That goes back to when one of the Magi brought Jesus some extra thick double cream, flavoured with Courvoisier.
Sugared almonds and orange and lemon jelly slices - mum always bought them for Christmas, but I don't ever remember eating them.
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Re: The commercialisation of Christmas

Post by stuart torr on Mon Oct 14, 2013 8:43 pm

Whyever not Karen? when I was young I use to scoff all the sweets yum yum.
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Re: The commercialisation of Christmas

Post by Kazza on Mon Oct 14, 2013 9:07 pm

stu wrote:Whyever not Karen? when I was young I use to scoff all the sweets yum yum.
Sugared almonds break yer teeth!
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Re: The commercialisation of Christmas

Post by stuart torr on Mon Oct 14, 2013 9:12 pm

Crush em first then they are ok
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Re: The commercialisation of Christmas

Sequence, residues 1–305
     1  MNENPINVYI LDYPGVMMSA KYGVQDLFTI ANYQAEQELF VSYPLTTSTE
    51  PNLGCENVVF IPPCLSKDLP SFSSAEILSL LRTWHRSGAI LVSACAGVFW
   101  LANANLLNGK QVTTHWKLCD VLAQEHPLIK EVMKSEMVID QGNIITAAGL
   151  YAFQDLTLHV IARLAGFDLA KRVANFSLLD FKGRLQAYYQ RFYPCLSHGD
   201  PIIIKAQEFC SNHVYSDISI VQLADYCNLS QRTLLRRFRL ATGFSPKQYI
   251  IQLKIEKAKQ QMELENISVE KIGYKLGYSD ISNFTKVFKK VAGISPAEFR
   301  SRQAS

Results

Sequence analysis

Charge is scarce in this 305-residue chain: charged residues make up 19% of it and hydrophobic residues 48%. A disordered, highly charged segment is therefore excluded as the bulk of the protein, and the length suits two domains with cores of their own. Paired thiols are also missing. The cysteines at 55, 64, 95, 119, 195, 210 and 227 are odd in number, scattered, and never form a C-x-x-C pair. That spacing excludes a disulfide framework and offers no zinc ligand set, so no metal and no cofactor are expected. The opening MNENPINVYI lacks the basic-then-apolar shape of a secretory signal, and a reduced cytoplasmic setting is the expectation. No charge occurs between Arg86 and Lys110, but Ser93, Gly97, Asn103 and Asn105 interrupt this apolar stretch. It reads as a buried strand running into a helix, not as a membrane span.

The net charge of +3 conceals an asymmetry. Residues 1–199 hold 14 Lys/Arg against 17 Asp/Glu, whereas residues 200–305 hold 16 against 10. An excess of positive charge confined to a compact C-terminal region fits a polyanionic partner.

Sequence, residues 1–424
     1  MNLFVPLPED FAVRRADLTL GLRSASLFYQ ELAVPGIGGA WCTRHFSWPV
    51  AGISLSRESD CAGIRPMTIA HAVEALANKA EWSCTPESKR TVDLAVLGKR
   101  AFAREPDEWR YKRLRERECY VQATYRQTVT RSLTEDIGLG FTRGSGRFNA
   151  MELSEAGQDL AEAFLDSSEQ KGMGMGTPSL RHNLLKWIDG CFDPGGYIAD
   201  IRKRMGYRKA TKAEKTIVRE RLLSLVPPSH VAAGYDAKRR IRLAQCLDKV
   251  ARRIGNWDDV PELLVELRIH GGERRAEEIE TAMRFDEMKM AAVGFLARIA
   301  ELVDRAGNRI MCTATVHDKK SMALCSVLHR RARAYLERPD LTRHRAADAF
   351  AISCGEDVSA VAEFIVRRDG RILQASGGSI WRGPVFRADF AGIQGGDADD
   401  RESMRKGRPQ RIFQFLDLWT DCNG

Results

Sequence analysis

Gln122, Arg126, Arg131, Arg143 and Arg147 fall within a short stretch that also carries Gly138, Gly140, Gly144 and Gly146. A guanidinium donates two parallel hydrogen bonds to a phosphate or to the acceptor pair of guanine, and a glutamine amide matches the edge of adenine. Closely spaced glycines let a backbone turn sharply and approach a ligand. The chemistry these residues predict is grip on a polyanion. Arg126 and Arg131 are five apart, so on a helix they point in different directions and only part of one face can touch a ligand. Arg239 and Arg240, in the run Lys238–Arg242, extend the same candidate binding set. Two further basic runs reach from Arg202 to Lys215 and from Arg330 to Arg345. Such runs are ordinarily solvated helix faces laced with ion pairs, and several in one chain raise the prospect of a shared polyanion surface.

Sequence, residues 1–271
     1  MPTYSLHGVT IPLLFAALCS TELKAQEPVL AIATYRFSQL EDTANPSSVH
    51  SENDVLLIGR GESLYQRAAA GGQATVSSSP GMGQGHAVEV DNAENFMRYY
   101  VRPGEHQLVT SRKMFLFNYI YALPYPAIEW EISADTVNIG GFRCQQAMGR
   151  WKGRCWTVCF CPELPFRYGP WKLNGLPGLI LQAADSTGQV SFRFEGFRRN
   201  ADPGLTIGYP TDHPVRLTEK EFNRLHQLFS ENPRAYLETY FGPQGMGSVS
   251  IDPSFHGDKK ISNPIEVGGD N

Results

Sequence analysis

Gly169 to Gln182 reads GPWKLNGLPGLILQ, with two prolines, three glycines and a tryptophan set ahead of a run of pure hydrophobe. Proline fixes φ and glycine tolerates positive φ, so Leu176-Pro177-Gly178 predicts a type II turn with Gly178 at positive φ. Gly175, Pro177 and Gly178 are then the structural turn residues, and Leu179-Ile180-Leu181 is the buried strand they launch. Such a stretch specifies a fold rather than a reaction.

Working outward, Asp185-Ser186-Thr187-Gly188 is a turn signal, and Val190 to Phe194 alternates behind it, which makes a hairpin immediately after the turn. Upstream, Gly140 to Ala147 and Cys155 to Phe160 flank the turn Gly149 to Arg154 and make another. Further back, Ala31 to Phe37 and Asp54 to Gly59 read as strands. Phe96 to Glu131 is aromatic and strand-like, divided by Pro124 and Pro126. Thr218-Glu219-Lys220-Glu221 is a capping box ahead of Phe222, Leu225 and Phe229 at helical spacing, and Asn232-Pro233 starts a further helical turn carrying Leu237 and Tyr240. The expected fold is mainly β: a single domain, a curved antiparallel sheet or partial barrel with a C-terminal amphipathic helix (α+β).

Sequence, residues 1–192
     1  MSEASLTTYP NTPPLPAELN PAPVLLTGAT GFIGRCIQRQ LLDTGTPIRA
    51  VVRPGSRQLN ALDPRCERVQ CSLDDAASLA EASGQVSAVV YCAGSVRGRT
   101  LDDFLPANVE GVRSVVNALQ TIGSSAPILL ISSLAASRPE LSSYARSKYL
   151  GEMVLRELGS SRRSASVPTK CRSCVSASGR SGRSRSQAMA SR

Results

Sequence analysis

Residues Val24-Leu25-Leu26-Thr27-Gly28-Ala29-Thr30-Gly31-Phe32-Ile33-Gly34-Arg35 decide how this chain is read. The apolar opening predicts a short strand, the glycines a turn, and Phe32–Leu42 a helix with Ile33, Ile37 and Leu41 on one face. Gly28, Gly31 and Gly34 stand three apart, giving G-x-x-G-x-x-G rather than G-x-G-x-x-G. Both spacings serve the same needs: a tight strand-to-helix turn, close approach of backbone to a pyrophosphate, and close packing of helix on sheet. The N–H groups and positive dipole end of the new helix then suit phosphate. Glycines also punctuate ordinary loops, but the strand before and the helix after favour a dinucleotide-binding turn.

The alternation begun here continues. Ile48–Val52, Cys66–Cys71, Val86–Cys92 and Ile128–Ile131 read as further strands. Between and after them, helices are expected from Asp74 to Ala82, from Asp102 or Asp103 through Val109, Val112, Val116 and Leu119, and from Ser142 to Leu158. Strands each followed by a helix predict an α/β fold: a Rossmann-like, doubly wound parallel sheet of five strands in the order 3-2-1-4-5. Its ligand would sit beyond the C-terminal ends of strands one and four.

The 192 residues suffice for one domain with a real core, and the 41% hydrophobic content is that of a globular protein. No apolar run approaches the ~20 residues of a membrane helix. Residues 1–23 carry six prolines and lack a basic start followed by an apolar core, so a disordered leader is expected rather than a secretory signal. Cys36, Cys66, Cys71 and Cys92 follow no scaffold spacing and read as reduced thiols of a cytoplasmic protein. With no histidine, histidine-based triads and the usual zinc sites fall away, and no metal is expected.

Post by Kazza on Mon Oct 14, 2013 9:15 pm

stu wrote:Crush em first then they are ok
I didn't think of that. scratch 
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Re: The commercialisation of Christmas

Post by Bearman on Mon Oct 14, 2013 9:17 pm

Suck the sugar off the almonds and the put nut back in the box for some one else to enjoy.
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Re: The commercialisation of Christmas

Post by stuart torr on Mon Oct 14, 2013 9:32 pm

Oh now Bearman, what if you got the one with no sugar?
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Re: The commercialisation of Christmas

Post by Dr Sheldon Cooper PhD on Mon Oct 14, 2013 9:40 pm

Kazza wrote:Hi stu - aaw, I know what you mean, why fill your home with festive gaiety and fun when you're on your own? I used to go over the top with decorations when the kids were young, but this year its just the two of us. A few candles and some holly over the mantelpiece will do.

I've also stopped sending cards - yes I know its mean spirited, but I can't bear to think of all that wasted paper. I make phone calls and visit friends and family instead, and send e-cards.

What are we celebrating anyway, as atheists? We can make it whatever we want, ignore the tat and commercialism, and enjoy some good food, drink, and friends.


My sentiments precisely, I love the fact that I get a holiday to spend with friends and family, but the rest just goes over my head. Except for the kids, it's quite nice to see the very young ones get so excited. Cool